As Eliot Buchanan attempted to pay his Harvard tuition bill by using his credit card, the request was refused as the university claimed it would not approve a loan. He also introduced Plastiq to understand the same issue with thousands of multiple transactions, such as desk, contract and seller pays. Plastiq lets users compensate for something by using credit cards.
Plastiq reported today that in a Series D round led by the Capital Fund, it has received $75 million in danger funding. The round was also attended by Kleiner Perkins, Khosla Ventures, Accomplice and Top Tier Finance Investors. This round would generate over $140 million of the company’s overall estimated risk funding.
Users insert the details of their credit card on the Plastiq website to use Plastiq. In exchange, Plastiq charges a commission of 2.5% to you and covers the expenses. In reality, SMBs still account for 90 percent of the sales, according to Buchanan, while Plastiq was founded with customers in mind. The latest round of funding would invest in the creation of functions to provide SMBs with quicker payment services.
Plastiq gives SMBs and clients a means of paying bills and maintaining stable cash flow. For instance, restaurants often experience a decrease in income due to seasonal factors or pandemic lockdowns like we now encounter with COVID-19. Perhaps leisure companies for towns that have trouble drawing tourists. These businesses do require cash flow, so they may also compensate vendors’ off-season with credit cards using Plastiq’s service.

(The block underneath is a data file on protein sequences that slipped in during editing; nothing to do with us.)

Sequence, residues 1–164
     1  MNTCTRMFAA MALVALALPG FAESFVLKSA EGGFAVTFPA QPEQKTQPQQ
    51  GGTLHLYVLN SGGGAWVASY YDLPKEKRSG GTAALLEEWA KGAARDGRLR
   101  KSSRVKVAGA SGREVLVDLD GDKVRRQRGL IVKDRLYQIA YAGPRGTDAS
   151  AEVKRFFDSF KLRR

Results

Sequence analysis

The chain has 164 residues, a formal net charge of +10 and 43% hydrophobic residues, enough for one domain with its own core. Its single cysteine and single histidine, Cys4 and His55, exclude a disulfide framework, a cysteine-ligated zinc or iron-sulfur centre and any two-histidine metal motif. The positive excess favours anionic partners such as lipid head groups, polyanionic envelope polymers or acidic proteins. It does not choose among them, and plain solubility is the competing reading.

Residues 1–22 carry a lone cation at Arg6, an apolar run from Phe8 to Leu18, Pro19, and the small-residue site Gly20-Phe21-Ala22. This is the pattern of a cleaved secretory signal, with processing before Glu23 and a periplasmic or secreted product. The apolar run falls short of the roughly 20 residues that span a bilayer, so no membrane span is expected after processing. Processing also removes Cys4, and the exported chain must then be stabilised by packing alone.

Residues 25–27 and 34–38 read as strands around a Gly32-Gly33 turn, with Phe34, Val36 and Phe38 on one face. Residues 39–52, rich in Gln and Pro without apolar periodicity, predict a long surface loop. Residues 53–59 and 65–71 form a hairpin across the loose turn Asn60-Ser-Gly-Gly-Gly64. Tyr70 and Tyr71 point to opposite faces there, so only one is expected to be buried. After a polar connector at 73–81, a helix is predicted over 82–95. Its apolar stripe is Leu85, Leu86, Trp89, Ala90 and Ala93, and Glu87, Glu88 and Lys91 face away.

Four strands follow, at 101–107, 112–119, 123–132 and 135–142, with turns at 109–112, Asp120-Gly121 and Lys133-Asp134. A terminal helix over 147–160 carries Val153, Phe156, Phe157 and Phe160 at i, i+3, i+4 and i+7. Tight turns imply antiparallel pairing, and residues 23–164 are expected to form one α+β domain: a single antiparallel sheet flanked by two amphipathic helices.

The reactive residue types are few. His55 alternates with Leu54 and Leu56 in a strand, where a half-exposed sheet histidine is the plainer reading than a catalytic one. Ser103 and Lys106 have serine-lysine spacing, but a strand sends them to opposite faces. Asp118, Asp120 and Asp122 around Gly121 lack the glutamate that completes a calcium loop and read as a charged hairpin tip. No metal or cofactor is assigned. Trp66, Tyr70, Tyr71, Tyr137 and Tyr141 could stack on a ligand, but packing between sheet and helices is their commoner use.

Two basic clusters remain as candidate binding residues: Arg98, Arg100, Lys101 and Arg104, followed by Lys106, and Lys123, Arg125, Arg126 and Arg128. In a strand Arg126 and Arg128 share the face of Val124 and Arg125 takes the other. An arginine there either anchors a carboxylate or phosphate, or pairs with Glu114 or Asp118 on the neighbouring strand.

Competition from other firms is not absent and they are still seeking to address challenges in small-scale cash flow. According to Buchanan, conventional lenders and companies like Kabbage and Fundbox are Plastiq’s main competitors. Different statements may be made on Brex, which offers companies with a credit card to access funding more easily.
Kabbage funds SMBs with digital business loans. Centered on good relationships with banks and giants including Alibaba, SoftBank-backed joined $200 million in a revoluted credit line in July, offering exposure to more customers. Last year, computer loans to SMBs amount to about $2-3 billion.
Plastiq is also on target to render transactions worth over $2 billion, according to its publication. Unlike Kabagge, though, it just delivers a payment option. Plastiq does not offer loans or credits.
“With new loans or added cash, SMBs don’t have to be burdened,” Buchanan said. “Let’s use a behavior they’ve already acquired instead of attempting to reinvent the car.”